Best, Erik
Ps. I hope you enjoyed all the papers that I've send you at your request.
Ps 2. I believe that Mark was the editor for the reef site :)

-------- Message original -------- 
[Coral-List] Carmabi annual report - Manicina areolata distribution
Date : 
Fri, 7 Jun 2013 04:19:36
 -0700 (PDT)
De : 
vassil zlatarski <vzlatarski at yahoo.com>
Répondre à : 
vassil zlatarski <vzlatarski at yahoo.com>
Pour : 
Coral -List <coral-list at coral.aoml.noaa.gov>

Thanks, Mark, for offering access to Carmabi Annual Report and publications...  May I pay attention to one published statement.  Meesters, E. H., B.. Mueller & M. M. Nugues (*) reported presence of Manicina areolata in depth of 30-50 m and declared that this species has not been reported from such a deep habitat.  This does not correspond to what is well known,
 because three decades ago it was published living in more than two dozens deep localities (**) and
 in a largely used recent book (***) for this species is given "Depth: 2 - 200 ft."  I am sure some colleagues will have in mind also other examples. One wonders how was presented such manuscript for publishing in Coral Reefs.  I tried but did not receive answer from the Editor in Chief about who communicated the mentioned Reef site.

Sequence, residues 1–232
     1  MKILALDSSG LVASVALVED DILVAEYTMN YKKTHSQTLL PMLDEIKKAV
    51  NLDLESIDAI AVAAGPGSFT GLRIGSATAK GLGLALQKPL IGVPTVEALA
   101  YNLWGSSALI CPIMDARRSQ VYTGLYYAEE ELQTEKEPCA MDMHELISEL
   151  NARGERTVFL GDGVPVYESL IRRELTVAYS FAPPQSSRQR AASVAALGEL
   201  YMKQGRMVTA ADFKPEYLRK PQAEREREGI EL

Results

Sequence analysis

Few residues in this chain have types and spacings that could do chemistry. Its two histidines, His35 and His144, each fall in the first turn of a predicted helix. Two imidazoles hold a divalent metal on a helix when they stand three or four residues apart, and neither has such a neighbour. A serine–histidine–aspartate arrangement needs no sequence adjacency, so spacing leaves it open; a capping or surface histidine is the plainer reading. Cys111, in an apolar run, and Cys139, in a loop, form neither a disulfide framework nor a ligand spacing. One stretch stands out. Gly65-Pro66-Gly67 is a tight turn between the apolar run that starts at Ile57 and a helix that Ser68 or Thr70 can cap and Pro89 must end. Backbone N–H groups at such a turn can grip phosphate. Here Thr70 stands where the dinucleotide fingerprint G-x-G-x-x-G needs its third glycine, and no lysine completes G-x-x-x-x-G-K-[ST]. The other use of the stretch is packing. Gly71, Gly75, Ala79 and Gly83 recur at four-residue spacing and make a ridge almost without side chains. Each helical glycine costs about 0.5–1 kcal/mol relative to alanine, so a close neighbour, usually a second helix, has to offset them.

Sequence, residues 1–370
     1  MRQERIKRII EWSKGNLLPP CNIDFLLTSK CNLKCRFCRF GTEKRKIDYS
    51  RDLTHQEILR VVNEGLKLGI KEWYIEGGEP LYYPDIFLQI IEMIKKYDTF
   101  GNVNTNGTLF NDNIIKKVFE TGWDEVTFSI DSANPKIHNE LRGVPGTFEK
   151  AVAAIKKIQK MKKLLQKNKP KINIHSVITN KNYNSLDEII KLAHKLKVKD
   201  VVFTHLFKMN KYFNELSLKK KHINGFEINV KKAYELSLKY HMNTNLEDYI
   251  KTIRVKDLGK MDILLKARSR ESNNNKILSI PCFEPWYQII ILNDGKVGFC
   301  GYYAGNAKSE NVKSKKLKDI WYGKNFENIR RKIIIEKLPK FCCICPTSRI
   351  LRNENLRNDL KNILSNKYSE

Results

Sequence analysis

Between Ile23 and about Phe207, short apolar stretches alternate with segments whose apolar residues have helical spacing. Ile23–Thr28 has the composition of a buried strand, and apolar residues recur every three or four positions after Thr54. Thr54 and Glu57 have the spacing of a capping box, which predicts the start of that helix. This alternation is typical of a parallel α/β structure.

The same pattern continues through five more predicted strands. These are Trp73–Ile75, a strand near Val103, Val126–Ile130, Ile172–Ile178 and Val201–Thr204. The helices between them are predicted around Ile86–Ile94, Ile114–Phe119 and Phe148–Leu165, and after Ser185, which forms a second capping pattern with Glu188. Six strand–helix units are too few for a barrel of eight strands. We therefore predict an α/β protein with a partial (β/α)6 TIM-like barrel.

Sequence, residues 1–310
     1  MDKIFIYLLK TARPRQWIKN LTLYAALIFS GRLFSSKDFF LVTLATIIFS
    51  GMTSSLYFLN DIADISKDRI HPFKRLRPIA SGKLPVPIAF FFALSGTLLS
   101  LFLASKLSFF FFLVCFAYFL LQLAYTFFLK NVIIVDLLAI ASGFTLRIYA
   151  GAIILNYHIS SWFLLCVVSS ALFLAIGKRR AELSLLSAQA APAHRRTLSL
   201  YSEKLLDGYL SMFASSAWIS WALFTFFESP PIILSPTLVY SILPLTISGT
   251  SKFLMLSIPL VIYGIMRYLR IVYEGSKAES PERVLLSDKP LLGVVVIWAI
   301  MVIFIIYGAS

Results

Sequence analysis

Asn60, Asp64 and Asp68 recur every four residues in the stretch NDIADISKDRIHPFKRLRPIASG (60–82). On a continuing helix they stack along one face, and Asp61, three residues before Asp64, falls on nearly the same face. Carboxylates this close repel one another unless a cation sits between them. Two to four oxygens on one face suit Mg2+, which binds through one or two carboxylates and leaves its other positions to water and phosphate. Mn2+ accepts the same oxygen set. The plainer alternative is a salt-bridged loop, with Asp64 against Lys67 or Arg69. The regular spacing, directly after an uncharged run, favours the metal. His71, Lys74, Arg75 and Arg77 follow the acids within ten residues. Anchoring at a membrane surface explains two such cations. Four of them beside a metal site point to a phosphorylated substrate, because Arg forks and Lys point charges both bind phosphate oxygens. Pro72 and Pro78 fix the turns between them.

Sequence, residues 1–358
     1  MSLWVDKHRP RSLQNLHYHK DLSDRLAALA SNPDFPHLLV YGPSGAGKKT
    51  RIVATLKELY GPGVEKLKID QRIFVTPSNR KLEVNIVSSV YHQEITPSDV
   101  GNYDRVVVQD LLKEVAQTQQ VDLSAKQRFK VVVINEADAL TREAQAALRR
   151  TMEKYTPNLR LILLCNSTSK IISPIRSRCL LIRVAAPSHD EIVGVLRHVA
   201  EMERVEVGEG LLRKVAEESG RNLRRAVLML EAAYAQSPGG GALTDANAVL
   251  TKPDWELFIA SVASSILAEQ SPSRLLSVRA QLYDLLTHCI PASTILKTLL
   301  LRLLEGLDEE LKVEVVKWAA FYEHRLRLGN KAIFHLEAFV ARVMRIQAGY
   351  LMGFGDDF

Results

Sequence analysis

(*) Meesters, E. H., B. Mueller, M. M. Nugues. 2012. Caribbean free-living coral species co-occurring deep off
the windward coast of Curacao. Coral Reefs, DOI
10.1007/s00338-012-0960-6 or Coral Reefs (2013) 32: 109. 
(**)Zlatarski, V. N., MartinezEstalella. 1982. Les Scléractiniares de
Cuba avec des données sur la organismes associés. Edit. Académie bulgare des Sciences, Sofia, 472
p., annexe 1.          
(***) Humann, P.., N. Deloach. 2006. Reef coral identification: Florida, Caribbean, Bahamas..  New World Publications, 287



Vassil Zlatarski
D.Sc. (Biology), Ph.D. (Geology)

131 Fales Rd., Bristol, RI 02809, USA;  tel.: +1-401-254-5121

From: Mark Vermeij <carmabilog at gmail.com>
To: coral-list at coral.aoml.noaa.gov 
Sent: Wednesday, June 5, 2013 5:02 PM
Subject: [Coral-List] Carmabi annual report and new labs opened

Dear all

For those of you that are curious to know more about Carmabi and how the
station could be helpful to you, it is my pleasure to direct you to our
Carmabi Annual  Report 2012. You will find a fairly comprehensive overview
of activities and projects that were done in 2012.
 You can  take a look at
the annual report by clicking on
 the following link:


You'll find a link to the annual report under "publications" on the black
main navigation bar.

I would also like to invite you to have a look at the new lab that was
recently  completed. These new facilities will be available to the research
community. An impression of the new facilities and work progress can be
found by clicking on the link http://www.researchstationcarmabi.org/new-lab

Please contact me (at carmabilog at gmail.com) if you require more details
or have any questions.

Tropical regards


Dr. M.J.A. Vermeij
Science Director Carmabi Foundation
Piscaderabaai z/n
Web: http://www.researchstationcarmabi.org/

Assistant professor
Institute for Biodiversity and Ecosystem Dynamics (IBED)
University of Amsterdam
Science Park 700
1098 XH Amsterdam
The Netherlands
Web: http://www.science.uva.nl/ibed/home.cfm

Phone: +5999-5103067
Email: m.vermeij at carmabi.org